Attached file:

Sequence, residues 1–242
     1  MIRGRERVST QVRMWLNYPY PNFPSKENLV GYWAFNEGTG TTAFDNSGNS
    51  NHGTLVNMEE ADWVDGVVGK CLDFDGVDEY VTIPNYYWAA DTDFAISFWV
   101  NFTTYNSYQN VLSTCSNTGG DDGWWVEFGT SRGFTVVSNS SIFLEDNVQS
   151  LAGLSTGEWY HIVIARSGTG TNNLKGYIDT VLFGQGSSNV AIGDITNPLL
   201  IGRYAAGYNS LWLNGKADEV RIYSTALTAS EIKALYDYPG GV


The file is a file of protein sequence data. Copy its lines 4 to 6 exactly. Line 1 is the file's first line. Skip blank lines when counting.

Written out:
   101  NFTTYNSYQN VLSTCSNTGG DDGWWVEFGT SRGFTVVSNS SIFLEDNVQS
   151  LAGLSTGEWY HIVIARSGTG TNNLKGYIDT VLFGQGSSNV AIGDITNPLL
   201  IGRYAAGYNS LWLNGKADEV RIYSTALTAS EIKALYDYPG GV